In The Books of Magic, Gaiman demonstrates one of the skills Moore used while writing Swamp Thing. He seems to effortlessly incorporate existing DC characters into the richer world of Vertigo comics. It’s not surprising when you consider that Gaiman is a protégé of Moore. Over time there some pretty interesting differences have developed between both writers and depending who you talk to either one of them can be considered the superior author. Moore's work can be dry, cold and so structured it can make the reader feel alienated. Gaiman on the other hand has a softer approach.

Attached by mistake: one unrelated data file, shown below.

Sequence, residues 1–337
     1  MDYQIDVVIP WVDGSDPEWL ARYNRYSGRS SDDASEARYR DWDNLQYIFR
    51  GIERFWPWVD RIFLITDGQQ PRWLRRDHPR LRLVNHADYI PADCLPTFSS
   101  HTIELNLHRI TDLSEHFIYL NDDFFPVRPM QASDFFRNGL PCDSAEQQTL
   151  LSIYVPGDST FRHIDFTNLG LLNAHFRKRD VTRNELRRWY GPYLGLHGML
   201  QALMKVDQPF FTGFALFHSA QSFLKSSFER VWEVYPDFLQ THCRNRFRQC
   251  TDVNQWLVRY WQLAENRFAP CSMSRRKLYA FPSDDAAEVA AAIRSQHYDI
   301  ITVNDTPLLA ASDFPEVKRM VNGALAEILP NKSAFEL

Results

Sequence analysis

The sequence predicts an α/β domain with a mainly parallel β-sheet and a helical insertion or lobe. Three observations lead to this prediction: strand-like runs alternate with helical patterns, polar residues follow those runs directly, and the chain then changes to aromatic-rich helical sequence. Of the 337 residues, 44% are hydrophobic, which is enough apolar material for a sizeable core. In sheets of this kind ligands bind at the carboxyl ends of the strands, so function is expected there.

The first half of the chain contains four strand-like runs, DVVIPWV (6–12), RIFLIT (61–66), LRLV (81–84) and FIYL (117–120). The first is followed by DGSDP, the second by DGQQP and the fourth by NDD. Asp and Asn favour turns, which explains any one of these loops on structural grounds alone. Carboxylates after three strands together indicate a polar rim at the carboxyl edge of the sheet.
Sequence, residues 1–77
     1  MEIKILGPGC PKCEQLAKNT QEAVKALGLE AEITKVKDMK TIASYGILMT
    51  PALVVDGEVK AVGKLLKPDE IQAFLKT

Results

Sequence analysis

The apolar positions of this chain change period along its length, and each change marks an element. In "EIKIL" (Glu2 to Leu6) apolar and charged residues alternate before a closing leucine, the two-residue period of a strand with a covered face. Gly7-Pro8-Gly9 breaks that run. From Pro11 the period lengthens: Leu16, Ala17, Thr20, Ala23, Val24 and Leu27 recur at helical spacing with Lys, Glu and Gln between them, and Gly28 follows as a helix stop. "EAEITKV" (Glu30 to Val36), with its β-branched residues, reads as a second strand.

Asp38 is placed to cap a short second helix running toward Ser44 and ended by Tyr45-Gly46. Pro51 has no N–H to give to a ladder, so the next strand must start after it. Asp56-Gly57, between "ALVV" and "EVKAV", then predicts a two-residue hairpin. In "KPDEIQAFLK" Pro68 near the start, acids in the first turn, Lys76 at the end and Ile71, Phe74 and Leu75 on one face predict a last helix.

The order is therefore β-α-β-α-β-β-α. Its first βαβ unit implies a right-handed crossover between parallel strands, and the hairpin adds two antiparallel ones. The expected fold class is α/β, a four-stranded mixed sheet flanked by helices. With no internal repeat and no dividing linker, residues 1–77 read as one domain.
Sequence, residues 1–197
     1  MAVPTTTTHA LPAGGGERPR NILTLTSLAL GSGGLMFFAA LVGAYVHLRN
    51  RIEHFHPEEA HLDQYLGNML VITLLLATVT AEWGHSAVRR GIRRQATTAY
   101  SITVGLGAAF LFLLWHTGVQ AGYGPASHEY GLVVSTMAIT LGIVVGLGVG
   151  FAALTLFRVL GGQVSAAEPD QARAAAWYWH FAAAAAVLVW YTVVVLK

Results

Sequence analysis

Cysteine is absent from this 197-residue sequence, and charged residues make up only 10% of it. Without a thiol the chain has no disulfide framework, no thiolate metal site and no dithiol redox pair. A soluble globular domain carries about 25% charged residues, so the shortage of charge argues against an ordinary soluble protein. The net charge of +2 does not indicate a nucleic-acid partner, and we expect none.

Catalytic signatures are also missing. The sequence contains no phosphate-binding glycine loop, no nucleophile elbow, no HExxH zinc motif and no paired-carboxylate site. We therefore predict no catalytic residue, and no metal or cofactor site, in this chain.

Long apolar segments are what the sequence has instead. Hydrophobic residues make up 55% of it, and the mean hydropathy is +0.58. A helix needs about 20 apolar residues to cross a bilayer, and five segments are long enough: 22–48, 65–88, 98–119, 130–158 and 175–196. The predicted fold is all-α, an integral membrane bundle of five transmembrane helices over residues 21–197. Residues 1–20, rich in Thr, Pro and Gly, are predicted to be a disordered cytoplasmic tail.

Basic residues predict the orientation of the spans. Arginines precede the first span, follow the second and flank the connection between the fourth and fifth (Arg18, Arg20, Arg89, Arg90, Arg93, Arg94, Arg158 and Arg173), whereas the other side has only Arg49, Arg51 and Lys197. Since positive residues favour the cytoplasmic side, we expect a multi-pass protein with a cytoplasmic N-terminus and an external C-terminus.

I’ve just realized that part of this review is more of a comparison of Gaiman and Moore Vertigo comics than a proper review of The Books of Magic. It seems a bit late to go back now so I might as well continue with my comparison and how it relates to The Books of Magic. Both authors clearly love magic. There are several different types of magic and Moore and Gaiman each write about a specific kind of magic. Moore's magic is based in the real world study of magic, the magic that can quite literally be found in the day to day. He's studied the works of Crowley and the Jewish Kabbalah and has applied that to his work as well as his life. His comic that focuses on magic, Promethea, is a wonderfully complete story about the rules of magic. In fact, you could easily argue that a significant portion of the series is an essay in comic book form outlining the complicated rules, symbols and iconography of magic and how to understand it. In short, Moore's magic is overly structure and complexly defined.